Rescue parachute

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A rescue parachute (also known as an emergency parachute in Switzerland ) is a parachute that is intended exclusively for use for the purpose of rescue (usually if there is a shortage of air ) and is carried as a preventive measure.


Controllability, accommodation and deployment depend on the type of aircraft, conceivable emergency scenarios and basic possible uses. Functional considerations may also require more complex systems in which the actual rescue parachute is then only a system component, such as the ejection seat or the overall rescue systems that are sometimes used in larger air sports equipment and small aircraft . Parachutes were also tested in which the round cap is "blown open" by means of pyrotechnic sentences. This process, known as "ultrafast opening", can even unfold the umbrella while standing on the ground.

In Germany, rescue parachutes are a separate aircraft class in accordance with Section 1 (2) No. 8 LuftVG .

The following types of parachutes can be distinguished:


Paraglider and hang glider

In contrast to the rescue parachutes in larger aircraft, with these aerial sports devices the pilot and his device are attached to the reserve parachute. This has the advantage that there is no phase in which the pilot falls free and gains speed. A corresponding loss of height is avoided. In addition, with paragliders and hang-gliders, there is often only a few hundred meters from the ground. One of the most important tasks of the reserve parachute is therefore to open very quickly and reliably.

In Germany and Austria , paragliders and hang-glider pilots must carry a rescue parachute with them for flights above 50 m above ground, in Switzerland only for test flights . (In Germany it has been mandatory to carry an umbrella since 1976.)

With a paraglider , the rescue parachute is attached to the harness in a special container in front of the pilot or to the side of the pilot. Alternatively, it can be placed under the seat or in the back of the harness .

With the hang glider, the umbrella is integrated into the pilot's apron in the chest / stomach area. The package is secured with Velcro fasteners. The lifeline or connecting line of the rescue parachute is led to the snap hook, which connects the pilot and harness with the aircraft.

The rescue parachute is deployed by hand by pulling the deployment handle. The parachute package falling down due to gravity opens up due to the airflow.

Other systems, which are mainly used on motorized hang-gliders , catapult the umbrella package out of its container with springs, compressed air or pyrotechnic means . This more complex technology has the advantage that the reserve parachute is reliably thrown in a direction that avoids the propeller. In addition, it does not require a coordinated throw from the pilot, but is triggered by pressing a button. This shortens the time until the umbrella opens.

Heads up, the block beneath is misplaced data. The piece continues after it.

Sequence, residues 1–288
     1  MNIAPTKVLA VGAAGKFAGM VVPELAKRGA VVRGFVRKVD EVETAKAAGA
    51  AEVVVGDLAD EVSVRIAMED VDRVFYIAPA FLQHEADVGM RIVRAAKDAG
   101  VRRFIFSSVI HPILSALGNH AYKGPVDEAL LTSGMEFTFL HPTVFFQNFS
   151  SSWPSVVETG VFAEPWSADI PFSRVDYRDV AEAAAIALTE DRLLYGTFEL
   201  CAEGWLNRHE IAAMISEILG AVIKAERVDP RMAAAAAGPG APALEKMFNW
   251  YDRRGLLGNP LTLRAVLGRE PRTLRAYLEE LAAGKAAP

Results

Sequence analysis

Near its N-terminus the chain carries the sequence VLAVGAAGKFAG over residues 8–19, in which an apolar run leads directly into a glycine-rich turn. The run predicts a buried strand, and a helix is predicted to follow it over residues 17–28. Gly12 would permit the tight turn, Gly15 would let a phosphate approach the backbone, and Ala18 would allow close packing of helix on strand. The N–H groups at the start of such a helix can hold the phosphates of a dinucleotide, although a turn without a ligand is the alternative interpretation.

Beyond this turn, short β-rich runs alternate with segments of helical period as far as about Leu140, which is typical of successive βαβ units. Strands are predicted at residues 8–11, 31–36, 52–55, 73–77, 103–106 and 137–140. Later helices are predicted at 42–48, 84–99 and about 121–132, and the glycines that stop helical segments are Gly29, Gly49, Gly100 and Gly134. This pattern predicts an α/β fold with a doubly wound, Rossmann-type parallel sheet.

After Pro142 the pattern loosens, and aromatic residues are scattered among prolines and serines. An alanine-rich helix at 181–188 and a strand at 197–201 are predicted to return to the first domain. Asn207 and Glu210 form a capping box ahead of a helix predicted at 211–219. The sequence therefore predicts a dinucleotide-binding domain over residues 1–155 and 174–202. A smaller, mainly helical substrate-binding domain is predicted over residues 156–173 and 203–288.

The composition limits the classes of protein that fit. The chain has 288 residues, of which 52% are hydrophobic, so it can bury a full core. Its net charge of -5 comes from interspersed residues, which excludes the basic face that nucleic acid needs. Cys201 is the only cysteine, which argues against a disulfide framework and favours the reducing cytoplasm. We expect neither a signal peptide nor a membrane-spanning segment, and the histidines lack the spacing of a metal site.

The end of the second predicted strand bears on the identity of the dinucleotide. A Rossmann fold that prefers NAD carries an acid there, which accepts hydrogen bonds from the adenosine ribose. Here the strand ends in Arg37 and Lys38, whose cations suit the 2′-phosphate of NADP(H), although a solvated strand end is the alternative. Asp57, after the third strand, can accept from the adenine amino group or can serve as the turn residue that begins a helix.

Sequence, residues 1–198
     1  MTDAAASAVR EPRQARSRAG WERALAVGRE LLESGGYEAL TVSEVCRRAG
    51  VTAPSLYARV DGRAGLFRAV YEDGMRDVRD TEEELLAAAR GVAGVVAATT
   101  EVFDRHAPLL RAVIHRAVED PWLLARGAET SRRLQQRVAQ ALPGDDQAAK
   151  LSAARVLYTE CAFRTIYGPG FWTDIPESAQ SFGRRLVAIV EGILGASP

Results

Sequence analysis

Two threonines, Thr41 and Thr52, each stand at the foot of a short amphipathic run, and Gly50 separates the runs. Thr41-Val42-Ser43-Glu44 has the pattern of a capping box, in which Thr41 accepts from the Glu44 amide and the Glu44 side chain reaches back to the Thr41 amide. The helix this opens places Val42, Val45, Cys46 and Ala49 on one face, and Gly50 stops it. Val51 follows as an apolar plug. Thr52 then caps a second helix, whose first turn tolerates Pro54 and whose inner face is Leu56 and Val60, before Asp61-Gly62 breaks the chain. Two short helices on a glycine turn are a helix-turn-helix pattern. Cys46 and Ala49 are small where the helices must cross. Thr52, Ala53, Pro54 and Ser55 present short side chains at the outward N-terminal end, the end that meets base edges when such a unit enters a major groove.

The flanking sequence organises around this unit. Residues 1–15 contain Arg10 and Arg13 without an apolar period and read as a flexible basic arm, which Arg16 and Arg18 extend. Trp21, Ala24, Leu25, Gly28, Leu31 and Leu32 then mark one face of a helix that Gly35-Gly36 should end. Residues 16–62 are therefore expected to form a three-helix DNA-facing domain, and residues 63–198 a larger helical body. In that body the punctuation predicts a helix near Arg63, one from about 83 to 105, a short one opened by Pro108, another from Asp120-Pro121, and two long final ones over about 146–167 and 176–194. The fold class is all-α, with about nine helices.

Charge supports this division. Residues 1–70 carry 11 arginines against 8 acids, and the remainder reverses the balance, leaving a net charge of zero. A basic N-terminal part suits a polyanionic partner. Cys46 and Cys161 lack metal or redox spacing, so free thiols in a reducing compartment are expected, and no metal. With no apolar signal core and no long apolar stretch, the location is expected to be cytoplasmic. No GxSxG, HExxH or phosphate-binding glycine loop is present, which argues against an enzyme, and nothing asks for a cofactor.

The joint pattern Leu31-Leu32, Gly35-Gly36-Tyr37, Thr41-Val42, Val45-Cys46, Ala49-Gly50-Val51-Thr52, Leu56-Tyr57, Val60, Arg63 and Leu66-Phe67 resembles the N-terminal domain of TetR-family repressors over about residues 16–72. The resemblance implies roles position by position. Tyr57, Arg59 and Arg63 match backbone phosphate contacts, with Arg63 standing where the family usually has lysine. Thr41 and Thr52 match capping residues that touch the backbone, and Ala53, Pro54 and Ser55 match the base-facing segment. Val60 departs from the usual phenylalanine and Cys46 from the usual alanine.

The reserve parachute (also reserve parachute ) in parachuting is generally not considered a rescue parachute, but belongs to the jump parachutes . Failure to open the main canopy while maintaining the safety opening height is not considered to be an immediate shortage of air, but in principle only as a disruption to the normal course of the jump, which after the main canopy has been removed and the reserve opened, the intended parachute jump is continued almost safely. The main umbrella and reserve could in principle also be swapped.


In commercial aircraft no rescue parachutes normally be carried in military and transportation machinery is usually for the crew a certain number of rescue parachutes on board. Smaller military aircraft also usually have more complex rescue systems such as the ejector seat , in which the rescue parachute is only one component.

Most of the occupants of smaller powered aircraft and touring motor gliders do not wear a rescue parachute, as the doors and seats are usually not designed for carrying rescue parachutes.

In glider flight , rescue parachutes are usually carried by pilots and passengers. In an emergency, the pilot and passenger can leave the cockpit. In training, aerobatics and competitions, rescue parachutes are required for gliding. The rescue parachutes used are available in manual (released by hand), forced released (pull-up rope attached to the aircraft) or a combined form with both release variants. In the 1960s to the early 1970s, Herbert Gillmann from Munich regularly demonstrated deep jumps . He jumped out of sport aircraft with an automatic triangular parachute (Kohnke) from a height of 50 m, especially to demonstrate to glider pilots that they can use their rescue parachutes even at low altitudes. After this demonstration, glider pilots were able to do a test jump in the Parachute Sportspringer Club Bayern e. V. (renamed Fallschirm-Sportclub München e.V. since 1972) - but from a height of 400 m.

For ultralight , glider and smaller powered aircraft, there are total rescue systems on which the entire aircraft can slide to the ground in an emergency. In Germany, a total rescue system for microlight aircraft is required by law.

Web links

Individual evidence

  1. US NAVY HELICOPTER ESCAPE CAPSULE BALLISTIC SYSTEM EJECTION DEVELOPMENT PROGRAM FILM 17104. US Navy, accessed on January 31, 2020 ("Ultrafast opening" from 10:40 min).